• Untreated, up to 10% of children with HbSS disease will have a stroke by the age of 10 years with an incidence of 1.02% per year between 2 and 5 years.8
  • Stroke can occur suddenly or as a complication of acute chest syndrome or aplastic crisis.

Stroke Management:

  • Neuroimaging required to determine if haemorrhagic or ischaemic stroke.
  • Discuss with Consultant Radiologist
  • MRI is preferred.
  • CT without contrast (risk of hyperviscosity) if timely MRI not available.
  • Contact neurology for urgent referral.
  • Exchange transfusion is indicated in the setting of acute stroke:
    • Discuss with on call Haematology Fellow/Consultant.
    • Arrange urgent red cell apheresis and exchange transfusion. 


  • Priapism is prolonged painful erection of the penis often starting in the early hours of the morning.
  • May be intermittent or prolonged – common in adolescent years.
  • Occurs in 2 forms:
    • Stuttering episodes which last 2-4 hours but are often recurrent and may precede a severe episode
    • Severe attack lasting longer than 4 hours and can result in cavernous fibrosis and impotence.9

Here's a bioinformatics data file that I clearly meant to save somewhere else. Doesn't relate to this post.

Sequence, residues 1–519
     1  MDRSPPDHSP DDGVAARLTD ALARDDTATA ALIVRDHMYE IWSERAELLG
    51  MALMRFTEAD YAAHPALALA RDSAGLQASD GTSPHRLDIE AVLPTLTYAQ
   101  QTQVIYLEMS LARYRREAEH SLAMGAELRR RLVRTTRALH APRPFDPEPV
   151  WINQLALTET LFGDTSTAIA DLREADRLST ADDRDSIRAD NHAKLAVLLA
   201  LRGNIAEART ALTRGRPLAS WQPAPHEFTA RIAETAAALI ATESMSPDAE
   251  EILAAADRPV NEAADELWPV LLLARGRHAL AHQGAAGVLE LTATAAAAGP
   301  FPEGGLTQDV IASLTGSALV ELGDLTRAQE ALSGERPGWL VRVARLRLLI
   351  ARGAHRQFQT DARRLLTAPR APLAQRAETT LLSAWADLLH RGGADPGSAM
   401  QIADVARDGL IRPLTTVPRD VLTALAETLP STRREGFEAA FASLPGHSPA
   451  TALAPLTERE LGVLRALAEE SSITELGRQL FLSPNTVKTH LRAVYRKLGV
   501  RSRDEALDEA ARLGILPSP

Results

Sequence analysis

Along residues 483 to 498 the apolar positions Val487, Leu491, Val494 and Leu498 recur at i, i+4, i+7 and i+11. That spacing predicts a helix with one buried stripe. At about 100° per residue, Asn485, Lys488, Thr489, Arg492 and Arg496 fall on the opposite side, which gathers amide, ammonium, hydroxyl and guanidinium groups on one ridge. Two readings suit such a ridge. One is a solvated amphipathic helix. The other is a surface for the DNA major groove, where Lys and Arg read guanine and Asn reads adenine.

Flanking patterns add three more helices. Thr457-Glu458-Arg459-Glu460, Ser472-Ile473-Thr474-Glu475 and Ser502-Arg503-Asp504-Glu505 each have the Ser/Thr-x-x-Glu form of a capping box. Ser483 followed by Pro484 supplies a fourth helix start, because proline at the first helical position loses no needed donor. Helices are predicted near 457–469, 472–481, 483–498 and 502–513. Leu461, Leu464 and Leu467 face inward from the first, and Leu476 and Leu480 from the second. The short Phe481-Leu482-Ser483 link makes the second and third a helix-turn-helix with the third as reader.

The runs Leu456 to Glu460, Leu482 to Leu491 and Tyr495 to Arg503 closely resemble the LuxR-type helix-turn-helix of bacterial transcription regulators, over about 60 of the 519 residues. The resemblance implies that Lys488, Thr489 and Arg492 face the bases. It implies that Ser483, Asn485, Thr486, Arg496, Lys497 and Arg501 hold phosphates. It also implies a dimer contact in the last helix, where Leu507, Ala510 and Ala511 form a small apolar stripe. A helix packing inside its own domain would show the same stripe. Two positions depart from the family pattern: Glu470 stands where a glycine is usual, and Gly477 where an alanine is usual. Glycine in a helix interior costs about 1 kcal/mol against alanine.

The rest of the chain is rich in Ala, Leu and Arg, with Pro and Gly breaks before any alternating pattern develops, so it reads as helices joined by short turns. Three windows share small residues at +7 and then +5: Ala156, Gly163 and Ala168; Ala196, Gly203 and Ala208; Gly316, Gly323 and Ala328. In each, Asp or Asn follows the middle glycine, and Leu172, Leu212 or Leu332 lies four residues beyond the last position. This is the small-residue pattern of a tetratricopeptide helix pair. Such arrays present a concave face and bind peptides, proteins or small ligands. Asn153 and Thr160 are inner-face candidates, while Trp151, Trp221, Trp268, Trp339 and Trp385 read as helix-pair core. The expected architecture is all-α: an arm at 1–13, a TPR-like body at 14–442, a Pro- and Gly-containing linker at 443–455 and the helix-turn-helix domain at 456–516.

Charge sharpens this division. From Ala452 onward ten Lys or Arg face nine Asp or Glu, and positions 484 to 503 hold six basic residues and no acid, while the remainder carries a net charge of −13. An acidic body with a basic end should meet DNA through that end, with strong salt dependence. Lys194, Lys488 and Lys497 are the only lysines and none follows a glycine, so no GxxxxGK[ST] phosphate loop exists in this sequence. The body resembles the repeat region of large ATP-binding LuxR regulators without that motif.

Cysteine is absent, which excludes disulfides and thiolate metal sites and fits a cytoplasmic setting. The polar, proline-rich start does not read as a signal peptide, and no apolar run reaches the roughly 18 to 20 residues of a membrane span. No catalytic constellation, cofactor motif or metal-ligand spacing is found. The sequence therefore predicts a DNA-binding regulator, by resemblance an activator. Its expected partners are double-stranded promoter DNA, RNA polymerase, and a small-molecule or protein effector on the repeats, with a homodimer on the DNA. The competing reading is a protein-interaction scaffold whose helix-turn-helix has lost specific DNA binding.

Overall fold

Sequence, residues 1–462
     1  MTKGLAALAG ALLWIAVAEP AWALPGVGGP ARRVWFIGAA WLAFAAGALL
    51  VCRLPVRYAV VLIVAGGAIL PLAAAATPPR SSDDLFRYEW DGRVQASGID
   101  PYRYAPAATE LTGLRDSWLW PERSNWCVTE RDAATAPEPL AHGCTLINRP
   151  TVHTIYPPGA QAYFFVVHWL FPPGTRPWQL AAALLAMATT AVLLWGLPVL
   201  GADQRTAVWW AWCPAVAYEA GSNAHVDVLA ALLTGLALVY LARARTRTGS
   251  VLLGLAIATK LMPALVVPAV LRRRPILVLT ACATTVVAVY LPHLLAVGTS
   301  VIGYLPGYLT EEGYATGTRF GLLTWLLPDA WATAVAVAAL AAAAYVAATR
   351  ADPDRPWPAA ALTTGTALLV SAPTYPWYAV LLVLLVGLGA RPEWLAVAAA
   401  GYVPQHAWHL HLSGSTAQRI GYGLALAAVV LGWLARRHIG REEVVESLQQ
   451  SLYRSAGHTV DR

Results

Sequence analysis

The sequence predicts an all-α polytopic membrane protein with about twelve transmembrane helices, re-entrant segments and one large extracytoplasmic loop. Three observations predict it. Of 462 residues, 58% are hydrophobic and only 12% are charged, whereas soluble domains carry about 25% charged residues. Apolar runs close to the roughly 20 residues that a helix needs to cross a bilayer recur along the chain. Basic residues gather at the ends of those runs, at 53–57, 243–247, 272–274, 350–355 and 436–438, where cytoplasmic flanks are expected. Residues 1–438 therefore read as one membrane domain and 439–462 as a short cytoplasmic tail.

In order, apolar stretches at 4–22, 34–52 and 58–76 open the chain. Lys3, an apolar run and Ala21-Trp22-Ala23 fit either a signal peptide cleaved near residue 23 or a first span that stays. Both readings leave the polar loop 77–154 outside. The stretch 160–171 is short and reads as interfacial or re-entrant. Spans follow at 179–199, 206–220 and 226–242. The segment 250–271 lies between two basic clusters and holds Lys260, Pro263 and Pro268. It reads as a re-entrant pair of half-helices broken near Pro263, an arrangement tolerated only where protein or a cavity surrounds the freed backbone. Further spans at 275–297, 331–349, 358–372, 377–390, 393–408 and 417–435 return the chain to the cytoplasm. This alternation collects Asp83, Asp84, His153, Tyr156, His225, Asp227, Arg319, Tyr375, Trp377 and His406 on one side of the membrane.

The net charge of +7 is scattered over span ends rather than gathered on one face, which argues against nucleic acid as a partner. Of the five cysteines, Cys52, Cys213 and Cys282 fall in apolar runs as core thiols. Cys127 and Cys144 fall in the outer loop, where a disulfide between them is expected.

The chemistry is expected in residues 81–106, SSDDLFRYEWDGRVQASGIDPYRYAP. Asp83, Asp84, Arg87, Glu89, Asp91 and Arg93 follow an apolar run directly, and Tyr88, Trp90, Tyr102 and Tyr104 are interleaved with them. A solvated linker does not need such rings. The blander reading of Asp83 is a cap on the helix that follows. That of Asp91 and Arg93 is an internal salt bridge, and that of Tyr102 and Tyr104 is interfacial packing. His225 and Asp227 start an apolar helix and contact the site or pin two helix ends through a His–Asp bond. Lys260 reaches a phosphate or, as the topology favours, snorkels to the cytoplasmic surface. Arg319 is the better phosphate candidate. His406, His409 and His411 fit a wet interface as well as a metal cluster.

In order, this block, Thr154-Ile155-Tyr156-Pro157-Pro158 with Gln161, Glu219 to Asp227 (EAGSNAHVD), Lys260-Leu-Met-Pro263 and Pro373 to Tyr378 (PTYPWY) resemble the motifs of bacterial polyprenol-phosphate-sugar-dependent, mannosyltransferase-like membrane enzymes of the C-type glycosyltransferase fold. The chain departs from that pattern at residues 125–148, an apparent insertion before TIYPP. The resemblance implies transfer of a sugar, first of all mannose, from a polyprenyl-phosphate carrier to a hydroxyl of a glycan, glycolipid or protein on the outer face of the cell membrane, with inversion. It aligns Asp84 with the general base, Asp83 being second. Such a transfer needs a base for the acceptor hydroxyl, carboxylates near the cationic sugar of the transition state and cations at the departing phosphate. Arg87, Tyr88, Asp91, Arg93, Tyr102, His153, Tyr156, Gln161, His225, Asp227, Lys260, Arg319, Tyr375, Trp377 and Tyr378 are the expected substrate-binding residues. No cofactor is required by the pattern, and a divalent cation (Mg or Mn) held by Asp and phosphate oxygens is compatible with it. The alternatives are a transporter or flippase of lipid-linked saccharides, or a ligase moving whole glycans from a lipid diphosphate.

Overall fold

Priapism management:

  • Do not use ice
  • Analgesia, oxygen, IV hydration
  • Encourage emptying of bladder – may need catheterisation
  • Simple measures e.g. moderate exercise, take a bath or shower
  • Transfusion support is not recommended4– discuss with Haematology Fellow / Consultant

Priapism lasting more than 3 hours can result in ischaemia and is a urological emergency 

Consult General Surgery (Urology) and on-call Haematology Fellow / Consultant urgently if > 3 hours

Aplastic crisis

  • An acute illness with a decrease in haemoglobin without a reticulocyte response (usually <1%).
  • Usually associated with acute infection including parvovirus.
  • Presents with pallor +/- shock.

Aplastic crisis management:

  • Fluid resuscitation – sodium chloride 0.9% 10 - 20 mL/kg if shocked